Research Labs

Cognitive Neuroscience of Aging Lab

Principle Investigator: Naftali Raz, PhD
Phone: 313-664-2618
Research in this lab explores how the brain changes with age and how these changes are related to changes in memory and problem solving skills in healthy adults. We are especially interested in finding out how individual differences in predisposition to vascular disease affect age-related changes in brain and cognition. Since 2001, we have been conducting a long-term follow-up longitudinal investigation, in which we use magnetic resonance imaging (MRI) to study changes in brain structure in healthy adult volunteers within a wide age range (18 – 90 years). We also conduct studies on age-related differences in various cognitive abilities such as memory, problem solving, and spatial navigation.

The Daugherty Lab: Healthy Brain Aging

Principle Investigator: Ana Daughtery, PhD
Phone: 313-577-3403

In the Healthy Brain Aging Lab, we study metabolic and vascular health factors that shape neural and cognitive changes across the lifespan. We use advanced noninvasive neuroimaging techniques, cognitive assessments, physiological markers, and genetics to evaluate individual differences in the course of aging, including both risk (e.g., metabolic syndrome) and protective (e.g., aerobic exercise) health factors.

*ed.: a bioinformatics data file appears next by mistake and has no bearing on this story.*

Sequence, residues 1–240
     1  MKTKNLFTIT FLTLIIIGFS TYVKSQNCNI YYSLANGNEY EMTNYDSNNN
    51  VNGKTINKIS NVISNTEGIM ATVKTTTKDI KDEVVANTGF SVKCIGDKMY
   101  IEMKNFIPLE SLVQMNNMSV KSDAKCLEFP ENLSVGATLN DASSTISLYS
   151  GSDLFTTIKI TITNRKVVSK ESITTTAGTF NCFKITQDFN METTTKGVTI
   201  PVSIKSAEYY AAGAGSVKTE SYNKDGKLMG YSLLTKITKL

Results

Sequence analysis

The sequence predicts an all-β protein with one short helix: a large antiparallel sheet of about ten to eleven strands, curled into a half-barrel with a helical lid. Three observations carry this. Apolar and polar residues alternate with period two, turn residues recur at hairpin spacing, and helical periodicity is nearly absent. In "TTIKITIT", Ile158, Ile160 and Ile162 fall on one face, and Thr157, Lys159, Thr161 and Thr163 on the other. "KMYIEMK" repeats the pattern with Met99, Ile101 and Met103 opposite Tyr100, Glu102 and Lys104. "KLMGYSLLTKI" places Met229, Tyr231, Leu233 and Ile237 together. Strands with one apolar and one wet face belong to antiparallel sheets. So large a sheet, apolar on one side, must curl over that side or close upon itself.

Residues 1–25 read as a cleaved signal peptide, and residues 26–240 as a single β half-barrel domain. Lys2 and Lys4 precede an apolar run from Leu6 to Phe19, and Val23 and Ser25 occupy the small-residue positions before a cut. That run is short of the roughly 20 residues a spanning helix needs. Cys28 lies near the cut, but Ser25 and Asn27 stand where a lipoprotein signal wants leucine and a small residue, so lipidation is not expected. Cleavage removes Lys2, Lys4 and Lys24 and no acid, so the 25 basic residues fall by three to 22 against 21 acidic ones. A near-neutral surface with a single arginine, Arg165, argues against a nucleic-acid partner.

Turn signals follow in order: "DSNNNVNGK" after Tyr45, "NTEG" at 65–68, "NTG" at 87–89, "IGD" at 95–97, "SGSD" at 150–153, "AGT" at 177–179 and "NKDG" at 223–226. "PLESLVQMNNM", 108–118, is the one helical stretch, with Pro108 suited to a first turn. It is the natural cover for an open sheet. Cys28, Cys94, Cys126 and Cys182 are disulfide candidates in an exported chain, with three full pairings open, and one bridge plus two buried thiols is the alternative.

IOG Principle Investigator: Vojko Kavcic, PhD
Early and accurate detection of cognitive problems in older adults is a valuable weapon in the fight against Alzheimer's and other dementias. Vojko Kavcic,  PhD, is conducting a large-scale evaluation of a safe, noninvasive, low-cost, portable method to test older African Americans for brain changes that may presage Alzheimer's. He partners with Dr. Bruno Giordani of the University of Michigan on the project. This research is supported by the National Institutes of Health.

ConnectLab: Brain Connectivity and Aging

Principle Investigator: Jessica S. Damoiseaux
Phone: (313)-664-2668
This Lab seeks to elucidate how brain morphology and function change over time in healthy older adults with and without memory complaints. Changes in functional brain connectivity and brain structure are measured with resting state functional magnetic resonance imaging (RS-fMRI), diffusion weighted imaging (DWI), and structural magnetic resonance imaging (MRI). The lab aims to detect possible early biomarkers for Alzheimer's disease (AD) and other dementias.

Ofen Lab: Cognitive and Brain Development Lab

Principle Investigator: Noa Ofen, PhD
313-664-2644, 2645 or 2646
Research focused on how children and adults learn and remember information. We are particularly interested in understanding the brain basis for learning and memory, and how changes in the brain as children mature into adulthood are linked to changes in behavior.